One of the challenges our team faces is working with a diverse client group. While dementia itself is not the main challenge, being an occupational therapist involves navigating a complex profession. I was speaking to my colleagues recently and we said, “A patient who does not engage in an activity is still able to do something. We just need to find out what it is.” Finding the best approach, technique or intervention to effectively engage with our patients can be a challenge.
The most important rule that we stick to is never giving up on our patients. We constantly strive to explore new approaches or revisit previous ones that may not have been effective in the past. It requires us to be open-minded, have a clear reflection, and create a space for discussions with our team for their views and ideas. Flexibility, creativity, and open-mindedness are essential skills for us in our daily roles, and combining these qualities can be quite demanding.
What do you enjoy most about being part of this team?
I really enjoy the continuous learning experience. I have the opportunity to learn from my team members, the patients themselves, and other colleagues. The world is ever-changing and new techniques and approaches are being introduced to better serve our client group. Each team member brings their unique skills and experiences, offering something new to our work.
What motivates your team?
We’re motivated by providing a good quality of life to our patients. When the patient is discharged we know we have done something beautiful and have made a positive difference to their wellbeing. By accompanying and supporting the patient through a difficult journey, they are in a greater position to enjoy a better quality of life.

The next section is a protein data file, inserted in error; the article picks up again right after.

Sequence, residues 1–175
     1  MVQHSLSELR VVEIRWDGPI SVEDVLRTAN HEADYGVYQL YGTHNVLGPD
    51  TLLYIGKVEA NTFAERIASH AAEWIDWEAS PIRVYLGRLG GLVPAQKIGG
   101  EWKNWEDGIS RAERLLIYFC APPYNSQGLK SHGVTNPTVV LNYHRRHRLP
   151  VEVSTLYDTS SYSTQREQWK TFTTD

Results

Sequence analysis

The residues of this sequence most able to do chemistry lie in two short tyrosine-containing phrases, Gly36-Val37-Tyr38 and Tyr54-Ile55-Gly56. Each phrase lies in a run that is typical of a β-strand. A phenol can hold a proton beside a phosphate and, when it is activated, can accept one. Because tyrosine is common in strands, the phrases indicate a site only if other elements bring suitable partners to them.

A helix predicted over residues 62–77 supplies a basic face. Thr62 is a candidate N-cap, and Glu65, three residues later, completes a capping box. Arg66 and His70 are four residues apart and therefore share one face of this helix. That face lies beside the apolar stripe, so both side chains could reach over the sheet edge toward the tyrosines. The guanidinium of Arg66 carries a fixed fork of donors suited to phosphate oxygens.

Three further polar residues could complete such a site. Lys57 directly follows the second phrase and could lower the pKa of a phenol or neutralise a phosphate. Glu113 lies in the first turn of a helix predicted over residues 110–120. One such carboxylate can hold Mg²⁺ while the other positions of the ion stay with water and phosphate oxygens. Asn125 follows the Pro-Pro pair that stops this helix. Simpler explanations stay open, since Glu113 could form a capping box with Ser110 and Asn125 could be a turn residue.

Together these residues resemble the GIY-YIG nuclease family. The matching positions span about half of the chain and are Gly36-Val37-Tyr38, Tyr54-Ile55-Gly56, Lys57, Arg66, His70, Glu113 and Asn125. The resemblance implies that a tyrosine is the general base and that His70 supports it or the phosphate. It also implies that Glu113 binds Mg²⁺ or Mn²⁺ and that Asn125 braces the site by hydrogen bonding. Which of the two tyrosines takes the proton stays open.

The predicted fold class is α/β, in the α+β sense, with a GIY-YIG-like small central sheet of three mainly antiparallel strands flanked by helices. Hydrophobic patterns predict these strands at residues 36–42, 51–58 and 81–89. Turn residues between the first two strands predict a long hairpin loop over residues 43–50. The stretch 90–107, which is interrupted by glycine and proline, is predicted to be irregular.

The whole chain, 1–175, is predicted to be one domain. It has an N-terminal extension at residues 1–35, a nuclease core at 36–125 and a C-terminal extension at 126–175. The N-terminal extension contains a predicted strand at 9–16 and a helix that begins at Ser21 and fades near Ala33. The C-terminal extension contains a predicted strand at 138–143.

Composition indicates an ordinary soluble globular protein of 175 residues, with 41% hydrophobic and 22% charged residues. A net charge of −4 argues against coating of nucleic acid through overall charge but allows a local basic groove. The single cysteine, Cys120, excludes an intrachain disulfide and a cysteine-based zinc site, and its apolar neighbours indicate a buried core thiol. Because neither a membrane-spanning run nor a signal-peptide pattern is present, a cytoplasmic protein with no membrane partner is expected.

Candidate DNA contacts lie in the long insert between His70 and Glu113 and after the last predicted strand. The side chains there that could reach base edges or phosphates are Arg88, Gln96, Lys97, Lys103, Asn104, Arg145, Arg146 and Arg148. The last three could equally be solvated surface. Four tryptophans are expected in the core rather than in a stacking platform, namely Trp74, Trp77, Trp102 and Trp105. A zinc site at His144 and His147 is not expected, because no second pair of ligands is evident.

What achievement is your team most proud of?
Our team takes great pride in the consistent feedback we receive from the loved ones of the individuals in our care. It is incredibly rewarding to hear family members say, “I haven’t seen them do that in years”. Knowing that our efforts have made a difference to the lives of our patients and their loved ones brings us great joy, pride, and satisfaction.
What is the best bit of feedback you have received from a patient or service user?
Our team has been extremely lucky to receive numerous kind words from patients’ family members. However, one particular piece of feedback from a gentleman has stayed with me. His wife was admitted to our care after falling quite poorly, but through our support, she regained awareness and resumed activities she had previously given up on. Sadly, a few months after being discharged, the lady passed away. We received a visit from the husband thanking us. He said that even though his wife is no longer with us, we had brought the light back into her life.
What do you and your team do to unwind?
At work we prioritise creating a nice atmosphere. We engage in activities such as team away days, which focus on team building and wellbeing. We also establish an open and safe space during supervision sessions and create a supportive environment.
And finally... how would you sum up your team in one word?
Excellence. Our team consists of incredibly skilled and professional individuals who work tirelessly for the wellbeing of our patients. They consistently demonstrate compassion in their work.